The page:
Participation of Danish and immigrant cleaners in a 1-year worksite intervention preventing physical deterioration

Research output: Contribution to journalJournal articleResearchpeer-review

Charlotte D N Rasmussen, Marie B Jørgensen, Isabella G Carneiro, Mari-Ann Flyvholm, Kasper Olesen, Karen Søgaard, Andreas Holtermann

UNLABELLED: Worksite health promotion is seldom offered to workers who are low-educated and multi-ethnic, possibly due to an assumption that they are more reluctant to participate. Furthermore, little has been done to promote health at female-dominated workplaces. The main aim of this study was to investigate differences in participation among immigrant and Danish cleaners throughout a 1-year randomised controlled study tailored to cleaners and carried out in predominantly female workplaces. No significant differences in ethnicity were found in consent and participation throughout the 1-year intervention. Dropout was equally distributed among Danish and immigrant cleaners. This study indicates that a worksite health promotion intervention among a female-dominated, high-risk occupation such as cleaning can be equally appealing for Danes and immigrants.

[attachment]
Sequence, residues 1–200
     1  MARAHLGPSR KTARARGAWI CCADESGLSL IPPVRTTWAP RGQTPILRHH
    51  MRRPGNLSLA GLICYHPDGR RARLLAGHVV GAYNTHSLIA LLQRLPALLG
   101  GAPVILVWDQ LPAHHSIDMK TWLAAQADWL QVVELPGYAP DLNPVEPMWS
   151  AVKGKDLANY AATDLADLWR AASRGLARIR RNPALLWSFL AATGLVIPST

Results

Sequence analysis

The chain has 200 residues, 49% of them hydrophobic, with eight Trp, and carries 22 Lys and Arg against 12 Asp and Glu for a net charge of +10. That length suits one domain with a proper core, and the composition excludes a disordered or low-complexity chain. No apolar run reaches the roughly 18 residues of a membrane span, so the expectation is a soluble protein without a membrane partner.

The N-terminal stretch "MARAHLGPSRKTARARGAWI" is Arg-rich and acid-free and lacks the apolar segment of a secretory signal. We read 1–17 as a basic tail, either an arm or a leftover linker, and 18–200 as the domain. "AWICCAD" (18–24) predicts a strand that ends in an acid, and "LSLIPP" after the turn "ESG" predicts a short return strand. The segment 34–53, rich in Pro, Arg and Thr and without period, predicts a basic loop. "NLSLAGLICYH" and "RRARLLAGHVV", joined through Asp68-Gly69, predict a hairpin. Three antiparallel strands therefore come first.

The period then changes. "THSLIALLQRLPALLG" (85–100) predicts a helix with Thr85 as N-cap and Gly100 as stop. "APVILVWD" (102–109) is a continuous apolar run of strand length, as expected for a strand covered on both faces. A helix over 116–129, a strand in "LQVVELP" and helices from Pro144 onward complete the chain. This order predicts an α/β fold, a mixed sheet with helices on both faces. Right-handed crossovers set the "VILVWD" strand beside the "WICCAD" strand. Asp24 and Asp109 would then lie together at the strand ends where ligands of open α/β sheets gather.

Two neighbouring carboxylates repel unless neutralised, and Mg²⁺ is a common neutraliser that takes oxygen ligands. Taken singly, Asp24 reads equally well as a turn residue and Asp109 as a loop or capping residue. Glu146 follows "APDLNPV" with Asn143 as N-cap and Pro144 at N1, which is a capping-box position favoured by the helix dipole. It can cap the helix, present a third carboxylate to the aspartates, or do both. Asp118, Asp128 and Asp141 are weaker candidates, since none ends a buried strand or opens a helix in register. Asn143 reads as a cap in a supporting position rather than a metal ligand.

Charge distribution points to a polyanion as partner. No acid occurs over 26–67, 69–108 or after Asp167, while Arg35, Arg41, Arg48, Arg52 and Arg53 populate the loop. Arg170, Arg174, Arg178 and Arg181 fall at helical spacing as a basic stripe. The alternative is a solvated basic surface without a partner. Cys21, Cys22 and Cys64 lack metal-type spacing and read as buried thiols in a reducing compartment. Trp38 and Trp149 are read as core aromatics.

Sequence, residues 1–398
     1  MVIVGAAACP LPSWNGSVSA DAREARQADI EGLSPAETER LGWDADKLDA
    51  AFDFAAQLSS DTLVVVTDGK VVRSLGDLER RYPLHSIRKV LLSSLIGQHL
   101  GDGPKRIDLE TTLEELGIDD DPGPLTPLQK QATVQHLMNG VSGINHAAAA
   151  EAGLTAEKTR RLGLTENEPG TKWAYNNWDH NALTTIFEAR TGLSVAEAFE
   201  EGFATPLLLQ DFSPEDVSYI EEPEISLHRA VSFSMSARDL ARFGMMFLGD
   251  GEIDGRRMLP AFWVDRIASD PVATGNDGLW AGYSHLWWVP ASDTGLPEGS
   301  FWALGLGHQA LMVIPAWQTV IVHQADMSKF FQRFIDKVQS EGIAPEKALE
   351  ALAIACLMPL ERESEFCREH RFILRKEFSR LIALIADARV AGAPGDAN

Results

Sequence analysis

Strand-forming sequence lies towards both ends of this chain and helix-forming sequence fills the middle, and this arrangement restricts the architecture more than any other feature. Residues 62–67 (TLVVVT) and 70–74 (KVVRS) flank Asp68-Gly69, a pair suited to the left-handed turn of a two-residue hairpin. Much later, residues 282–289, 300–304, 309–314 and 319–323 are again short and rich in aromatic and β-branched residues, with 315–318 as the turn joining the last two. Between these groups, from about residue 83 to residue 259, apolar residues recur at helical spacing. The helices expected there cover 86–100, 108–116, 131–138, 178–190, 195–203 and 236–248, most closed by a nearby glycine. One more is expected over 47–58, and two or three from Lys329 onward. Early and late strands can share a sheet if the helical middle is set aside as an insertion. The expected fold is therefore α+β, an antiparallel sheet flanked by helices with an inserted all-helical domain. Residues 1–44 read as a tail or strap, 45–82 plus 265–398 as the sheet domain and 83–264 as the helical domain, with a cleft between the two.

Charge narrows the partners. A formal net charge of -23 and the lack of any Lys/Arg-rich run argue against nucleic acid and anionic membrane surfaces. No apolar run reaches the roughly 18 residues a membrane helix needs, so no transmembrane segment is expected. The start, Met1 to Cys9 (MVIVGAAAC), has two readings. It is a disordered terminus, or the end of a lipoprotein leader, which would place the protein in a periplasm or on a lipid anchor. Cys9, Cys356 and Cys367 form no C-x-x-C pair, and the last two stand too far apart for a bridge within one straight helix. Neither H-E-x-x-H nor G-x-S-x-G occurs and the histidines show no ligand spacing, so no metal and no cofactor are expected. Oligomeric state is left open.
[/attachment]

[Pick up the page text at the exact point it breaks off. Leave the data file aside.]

PRACTITIONER SUMMARY: This study provides insight about participation of Danish and immigrant cleaners in a worksite health promotion intervention in a predominantly female occupation. For attaining high participation and low dropout in future worksite health promotion interventions among cleaners, the intervention ought to not only target the ethnic background of the workers, but also to be specifically tailored to the job group.

Original languageEnglish
JournalErgonomics
Volume55
Issue number2
Pages (from-to)256-64
Number of pages9
ISSN0014-0139
DOIs
Publication statusPublished - 2012

    Research areas

  • Adult, Cognitive Therapy, Denmark, Emigrants and Immigrants/psychology, Exercise Movement Techniques/methods, Female, Health Behavior/ethnology, Health Promotion/methods, Housekeeping, Humans, Male, Middle Aged, Occupational Diseases/prevention & control, Occupational Health/ethnology, Occupational Injuries/prevention & control, Research Subjects/psychology, Surveys and Questionnaires, Young Adult

ID: 197432028